Forum for Science, Industry and Business

Sponsored by:     3M 
Search our Site:

 

New concept for structural colors

18.05.2018

Scientists of the University of Hamburg (TUHH), the ITMO-University in St. Petersburg and the Helmholtz-Center Geesthacht have developed a novel concept that enables colorants which are based on non-toxic materials, which further do not bleach in the sunlight and which do not lose their appearance under high processing temperatures (as needed for glazes of ceramics).

In contrast to conventional pigments, the color effect is not caused by the absorption of certain wavelengths, which are in turn missing from the reflection spectrum and thus cause the color impression. Structural colors generate color solely by a structure that lets certain wavelengths destructively interfere.


Abbildung: Vergleich der berechneten Reflexionsspektren zweier photonischer Gläser, einmal bestehend aus keramischen Vollkugeln (a) und einmal aus keramischen Hohlkugeln (b). Die Kugeldurchmesser betragen ca. 200 Nanometer und die Schalendicke der Hohlkugeln in (b) ca. 10 Nanometer.

Das rechte Bild zeigt ein wesentlich steileres Reflexionsspektrum, das eine bessere Farbsättigung der in diesem Fall blauen Farbe bedingt.

Die beiden Quader zeigen Ausschnitte der mit Kugeln befüllten Volumina, mittels derer die numerischen Simulationen durchgeführt wurden.

(b) Chromatizitätsdiagramm. Die Positionen der beiden Reflexionsspektren in (a) und (b) sind in Relation zum farblosen Weißpunkt eingetragen. Auf dem Umfang des Diagramms sind die reinen Farben gezeigt.

Das aus Hohlkugeln bestehende photonische Glas erzeugt eine Farbe, die im Vergleich zu dem aus Vollkugeln bestehenden photonischen Glas wesentlich näher am Umfang liegt – also viel reiner ist.

Often such pigments feature a color impression that is dependent on the direction of illumination as well as the angle under which the pigment is looked at. This one wants to prevent in many cases. To realize “non-iridescent” colors, a certain amount of disorder in the structural arrangement of the colorant is needed. However, this disorder has lead, so far, to only weakly saturated colors.

The group of Hamburg based scientist have managed now to resolve these conflicting requirements. For this purpose a new concept was developed, which is based on weakly ordered arrangements of spheres – a so called photonic glass – combined with a precise design of the spheres themselves.

The utilized hollow spheres have a diameter of around 200 nanometers with a ceramic shell of only around 10 nanometers thickness. Only the combination of the nearest neighbor ordering of these densely packed spheres and the hollow sphere character of the single particles allow a steep edge of the reflection spectrum (Figure 1b). The usefulness of this design approach is exemplified with a highly saturated blue color.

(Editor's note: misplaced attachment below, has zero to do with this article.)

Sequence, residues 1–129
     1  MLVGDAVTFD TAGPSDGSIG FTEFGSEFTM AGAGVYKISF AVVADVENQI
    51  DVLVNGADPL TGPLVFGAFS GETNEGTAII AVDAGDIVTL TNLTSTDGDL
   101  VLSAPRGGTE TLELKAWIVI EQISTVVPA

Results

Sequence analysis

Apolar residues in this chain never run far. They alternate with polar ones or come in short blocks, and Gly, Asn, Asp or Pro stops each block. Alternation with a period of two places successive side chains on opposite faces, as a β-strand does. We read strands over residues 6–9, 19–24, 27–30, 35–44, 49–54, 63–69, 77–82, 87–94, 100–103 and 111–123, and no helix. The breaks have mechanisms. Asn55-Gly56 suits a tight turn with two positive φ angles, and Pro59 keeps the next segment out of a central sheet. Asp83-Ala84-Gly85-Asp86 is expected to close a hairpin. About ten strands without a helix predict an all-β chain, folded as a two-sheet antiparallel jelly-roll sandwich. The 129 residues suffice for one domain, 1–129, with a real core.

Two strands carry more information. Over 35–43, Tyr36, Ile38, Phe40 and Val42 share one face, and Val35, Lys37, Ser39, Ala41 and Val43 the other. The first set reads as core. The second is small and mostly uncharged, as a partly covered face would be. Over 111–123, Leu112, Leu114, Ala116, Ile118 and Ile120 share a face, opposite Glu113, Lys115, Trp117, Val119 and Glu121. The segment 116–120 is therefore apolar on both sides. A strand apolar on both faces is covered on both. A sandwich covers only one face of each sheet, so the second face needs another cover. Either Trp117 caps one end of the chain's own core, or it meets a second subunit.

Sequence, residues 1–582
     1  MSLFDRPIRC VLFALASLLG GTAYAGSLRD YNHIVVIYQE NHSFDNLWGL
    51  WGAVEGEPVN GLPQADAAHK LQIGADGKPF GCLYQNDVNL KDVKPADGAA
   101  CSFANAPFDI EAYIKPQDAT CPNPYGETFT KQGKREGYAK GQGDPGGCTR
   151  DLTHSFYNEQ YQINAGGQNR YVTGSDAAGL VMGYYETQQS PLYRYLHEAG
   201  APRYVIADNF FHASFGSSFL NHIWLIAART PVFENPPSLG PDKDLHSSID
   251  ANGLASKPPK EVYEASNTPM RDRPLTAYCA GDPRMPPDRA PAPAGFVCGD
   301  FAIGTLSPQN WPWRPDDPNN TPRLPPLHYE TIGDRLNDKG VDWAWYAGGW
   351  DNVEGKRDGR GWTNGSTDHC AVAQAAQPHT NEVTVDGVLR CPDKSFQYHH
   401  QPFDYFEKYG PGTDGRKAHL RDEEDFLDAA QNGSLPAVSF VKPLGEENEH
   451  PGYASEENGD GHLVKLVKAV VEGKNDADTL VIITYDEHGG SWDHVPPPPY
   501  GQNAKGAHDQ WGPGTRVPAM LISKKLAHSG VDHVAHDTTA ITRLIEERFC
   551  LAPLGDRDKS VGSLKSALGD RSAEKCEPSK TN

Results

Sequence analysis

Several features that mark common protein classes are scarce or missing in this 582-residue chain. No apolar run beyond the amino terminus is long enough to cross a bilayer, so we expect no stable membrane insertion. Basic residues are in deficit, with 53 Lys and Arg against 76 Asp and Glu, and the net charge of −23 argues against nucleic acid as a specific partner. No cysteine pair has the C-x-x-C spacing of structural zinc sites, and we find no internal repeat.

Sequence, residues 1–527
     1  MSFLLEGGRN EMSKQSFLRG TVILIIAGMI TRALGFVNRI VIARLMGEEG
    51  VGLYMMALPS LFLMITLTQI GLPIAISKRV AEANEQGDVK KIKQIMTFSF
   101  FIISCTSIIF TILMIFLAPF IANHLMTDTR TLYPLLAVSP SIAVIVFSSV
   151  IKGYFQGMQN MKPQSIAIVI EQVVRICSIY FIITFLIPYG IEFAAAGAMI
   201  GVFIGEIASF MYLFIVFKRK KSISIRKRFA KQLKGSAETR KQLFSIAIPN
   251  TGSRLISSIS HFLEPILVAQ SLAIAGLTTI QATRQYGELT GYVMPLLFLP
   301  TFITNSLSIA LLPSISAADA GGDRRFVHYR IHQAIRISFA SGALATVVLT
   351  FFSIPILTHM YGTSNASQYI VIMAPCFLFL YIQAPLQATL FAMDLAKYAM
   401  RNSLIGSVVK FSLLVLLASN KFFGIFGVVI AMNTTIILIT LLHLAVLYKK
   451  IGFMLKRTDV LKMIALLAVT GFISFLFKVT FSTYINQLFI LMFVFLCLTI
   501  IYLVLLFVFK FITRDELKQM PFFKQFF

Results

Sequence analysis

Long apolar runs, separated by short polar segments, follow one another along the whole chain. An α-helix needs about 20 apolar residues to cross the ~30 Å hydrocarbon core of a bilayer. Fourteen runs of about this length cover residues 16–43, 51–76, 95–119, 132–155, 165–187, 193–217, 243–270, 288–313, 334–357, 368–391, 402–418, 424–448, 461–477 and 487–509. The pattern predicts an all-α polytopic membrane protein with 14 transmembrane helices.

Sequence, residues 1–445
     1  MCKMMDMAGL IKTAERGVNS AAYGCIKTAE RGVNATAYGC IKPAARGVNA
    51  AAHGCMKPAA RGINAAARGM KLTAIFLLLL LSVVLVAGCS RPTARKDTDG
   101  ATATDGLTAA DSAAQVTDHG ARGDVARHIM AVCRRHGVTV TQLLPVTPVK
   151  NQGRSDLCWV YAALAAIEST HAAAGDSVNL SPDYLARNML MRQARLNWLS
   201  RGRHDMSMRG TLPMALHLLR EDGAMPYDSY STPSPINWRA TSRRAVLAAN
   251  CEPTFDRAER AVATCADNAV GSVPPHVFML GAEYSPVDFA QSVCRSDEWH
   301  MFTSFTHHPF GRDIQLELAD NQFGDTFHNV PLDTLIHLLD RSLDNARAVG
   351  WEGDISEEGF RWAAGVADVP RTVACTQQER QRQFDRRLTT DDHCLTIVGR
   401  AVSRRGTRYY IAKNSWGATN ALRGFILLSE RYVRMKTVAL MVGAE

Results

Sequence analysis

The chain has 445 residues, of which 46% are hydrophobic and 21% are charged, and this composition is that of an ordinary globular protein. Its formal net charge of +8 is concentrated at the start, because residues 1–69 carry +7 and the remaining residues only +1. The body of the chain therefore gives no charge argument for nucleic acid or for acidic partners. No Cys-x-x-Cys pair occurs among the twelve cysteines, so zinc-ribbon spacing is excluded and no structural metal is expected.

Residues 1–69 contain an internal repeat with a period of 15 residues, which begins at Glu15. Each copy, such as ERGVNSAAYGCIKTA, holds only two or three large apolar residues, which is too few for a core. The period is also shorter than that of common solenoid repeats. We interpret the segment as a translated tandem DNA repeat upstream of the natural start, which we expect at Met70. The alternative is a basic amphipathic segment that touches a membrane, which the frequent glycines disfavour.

The photonic glass from hollow sphere particles produces a blue color much closer to the perimeter of the chromaticity diagram, thus a much purer color than that of the photonic glass from homogeneously filled spheres (Figure 1c). The team of researchers developed the theoretical framework for the description of this novel class of colorants and confirmed their predictions with extensive numerical simulations.

These principal findings which were produced under the lead of the scientists from Hamburg are further of importance for the development of non-toxic colorants, which also do not bleach under sun light and which are suited for high processing temperatures beyond 1000°C.

The manuscript was published in Scientific Reports, an Open Access-Journal of Nature.

Online: www.nature.com/articles/s41598-018-26119-8

Publication:
Guoliang Shang, Lukas Maiwald, Hagen Renner, Dirk Jalas, Maksym Dosta, Stefan Heinrich, Alexander Petrov, and Manfred Eich,
Photonic glass for high contrast structural color,
Scientific Reports, 8, 7804 (2018)

Further Information
Prof. Dr. Manfred Eich
Technische Universität Hamburg-Harburg (TUHH), Institut für Optische und Elektronische Materialien, Eißendorfer Straße 38, D-21073 Hamburg